by Mitch Kokai
Senior Political Analyst, John Locke Foundation
Everything about the coronavirus crisis looks and feels like a war that is all the more unsettling because the enemy is invisible and immune to brute force. Yet amid all the signs of conflict — declarations of emergency, mobilizations of National Guard troops, the exercise of extraordinary powers — there is enduring constitutional danger in treating this crisis like a war. When this pandemic is over, generations will have to deal both with its terrible human toll and with the constitutional changes it yields.
Wars transform political systems, often in ways that are difficult to reverse. So do major crises. Even as Americans understandably focus their attention on the dire public health emergency the nation faces, they should allot some consideration to the effect of our response on the nation’s constitutional fabric. The political system that emerges from this pandemic is almost certain to concentrate more power — perhaps power of an acutely intimate nature, the kind that decides personal matters of life and death — in the national government generally and in the president specifically.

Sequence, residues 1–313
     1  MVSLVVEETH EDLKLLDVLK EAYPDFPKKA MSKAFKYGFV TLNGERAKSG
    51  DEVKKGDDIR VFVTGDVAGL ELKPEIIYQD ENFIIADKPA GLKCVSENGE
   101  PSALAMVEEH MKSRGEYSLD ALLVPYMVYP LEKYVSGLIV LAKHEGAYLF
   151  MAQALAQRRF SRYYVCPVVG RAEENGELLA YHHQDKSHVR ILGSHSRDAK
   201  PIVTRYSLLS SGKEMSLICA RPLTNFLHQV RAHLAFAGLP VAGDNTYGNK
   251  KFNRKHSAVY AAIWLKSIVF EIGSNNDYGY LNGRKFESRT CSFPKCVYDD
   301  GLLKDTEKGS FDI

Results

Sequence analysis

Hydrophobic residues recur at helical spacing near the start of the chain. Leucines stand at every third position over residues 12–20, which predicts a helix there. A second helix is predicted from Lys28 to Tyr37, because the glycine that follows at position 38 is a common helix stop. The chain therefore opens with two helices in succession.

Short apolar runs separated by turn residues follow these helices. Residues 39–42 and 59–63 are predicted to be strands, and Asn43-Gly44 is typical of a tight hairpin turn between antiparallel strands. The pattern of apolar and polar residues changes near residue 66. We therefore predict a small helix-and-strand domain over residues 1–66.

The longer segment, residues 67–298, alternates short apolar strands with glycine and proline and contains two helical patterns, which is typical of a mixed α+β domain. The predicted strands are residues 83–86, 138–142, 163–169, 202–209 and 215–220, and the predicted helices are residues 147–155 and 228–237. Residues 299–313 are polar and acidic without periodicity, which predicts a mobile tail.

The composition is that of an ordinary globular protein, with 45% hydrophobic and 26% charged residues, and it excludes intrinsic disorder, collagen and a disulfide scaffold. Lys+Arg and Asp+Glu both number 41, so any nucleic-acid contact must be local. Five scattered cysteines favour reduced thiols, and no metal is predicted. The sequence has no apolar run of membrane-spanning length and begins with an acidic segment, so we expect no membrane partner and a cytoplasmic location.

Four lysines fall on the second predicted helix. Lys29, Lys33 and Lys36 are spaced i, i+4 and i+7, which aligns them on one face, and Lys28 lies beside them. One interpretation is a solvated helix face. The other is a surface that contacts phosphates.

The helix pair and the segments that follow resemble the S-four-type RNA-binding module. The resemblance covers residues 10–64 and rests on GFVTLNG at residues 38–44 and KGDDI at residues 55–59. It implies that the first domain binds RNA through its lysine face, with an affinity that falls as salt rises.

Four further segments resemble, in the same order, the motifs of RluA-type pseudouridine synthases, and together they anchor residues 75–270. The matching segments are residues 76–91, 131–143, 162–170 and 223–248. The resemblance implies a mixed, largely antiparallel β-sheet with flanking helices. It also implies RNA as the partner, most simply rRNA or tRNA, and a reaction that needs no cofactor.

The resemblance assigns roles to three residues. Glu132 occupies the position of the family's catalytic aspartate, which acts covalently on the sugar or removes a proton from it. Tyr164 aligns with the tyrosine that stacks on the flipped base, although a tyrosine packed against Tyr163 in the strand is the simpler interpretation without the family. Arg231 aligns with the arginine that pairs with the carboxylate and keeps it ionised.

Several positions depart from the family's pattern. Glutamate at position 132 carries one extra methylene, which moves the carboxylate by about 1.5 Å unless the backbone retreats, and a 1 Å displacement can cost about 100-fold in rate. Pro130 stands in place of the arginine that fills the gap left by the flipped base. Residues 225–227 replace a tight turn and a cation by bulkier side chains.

This particular crisis, which requires prolonged attention to detail and the magnanimity to set personal and partisan grievances aside, does not play to President Trump’s strengths. His propensity for short-term thinking was evident in his preposterous suggestion Tuesday that, against all the available evidence about public health, he wanted the country “opened up, and just raring to go, by Easter.” But in constitutional terms, his own personal capacity to rise to this moment is less important than whether the nation should want a lasting concentration of more power in executive hands. Even if Mr. Trump were better suited to the moment, that would not mean future presidents should have more power.